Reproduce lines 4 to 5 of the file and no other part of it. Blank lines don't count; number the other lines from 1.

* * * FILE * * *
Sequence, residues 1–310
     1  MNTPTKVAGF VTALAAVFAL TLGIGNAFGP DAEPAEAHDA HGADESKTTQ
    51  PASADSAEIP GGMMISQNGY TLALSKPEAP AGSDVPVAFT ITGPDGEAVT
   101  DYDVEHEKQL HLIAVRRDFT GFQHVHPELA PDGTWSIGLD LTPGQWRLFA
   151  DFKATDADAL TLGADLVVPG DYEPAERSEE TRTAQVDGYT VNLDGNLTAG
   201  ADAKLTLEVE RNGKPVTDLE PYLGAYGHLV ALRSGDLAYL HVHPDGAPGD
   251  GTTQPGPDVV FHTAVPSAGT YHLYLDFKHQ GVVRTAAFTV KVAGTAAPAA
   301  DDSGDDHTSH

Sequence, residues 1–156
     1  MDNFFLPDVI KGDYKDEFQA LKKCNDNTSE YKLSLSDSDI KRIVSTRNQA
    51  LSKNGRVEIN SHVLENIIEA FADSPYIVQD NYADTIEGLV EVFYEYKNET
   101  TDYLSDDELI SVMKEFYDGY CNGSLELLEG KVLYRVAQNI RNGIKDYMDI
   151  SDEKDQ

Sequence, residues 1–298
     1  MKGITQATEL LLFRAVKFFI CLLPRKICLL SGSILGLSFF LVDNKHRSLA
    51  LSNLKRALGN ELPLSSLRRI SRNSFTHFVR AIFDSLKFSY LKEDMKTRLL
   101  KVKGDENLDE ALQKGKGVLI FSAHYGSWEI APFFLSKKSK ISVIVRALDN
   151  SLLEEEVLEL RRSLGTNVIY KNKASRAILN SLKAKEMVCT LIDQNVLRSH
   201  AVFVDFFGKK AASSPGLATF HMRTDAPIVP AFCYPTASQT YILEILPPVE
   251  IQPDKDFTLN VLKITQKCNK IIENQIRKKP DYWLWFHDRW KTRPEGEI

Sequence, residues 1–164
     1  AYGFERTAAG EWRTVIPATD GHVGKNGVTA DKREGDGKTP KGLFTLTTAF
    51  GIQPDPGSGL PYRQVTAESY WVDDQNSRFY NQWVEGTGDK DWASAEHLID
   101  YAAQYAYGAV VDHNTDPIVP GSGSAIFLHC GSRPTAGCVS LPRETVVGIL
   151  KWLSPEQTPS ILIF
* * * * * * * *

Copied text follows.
   101  DYDVEHEKQL HLIAVRRDFT GFQHVHPELA PDGTWSIGLD LTPGQWRLFA
   151  DFKATDADAL TLGADLVVPG DYEPAERSEE TRTAQVDGYT VNLDGNLTAG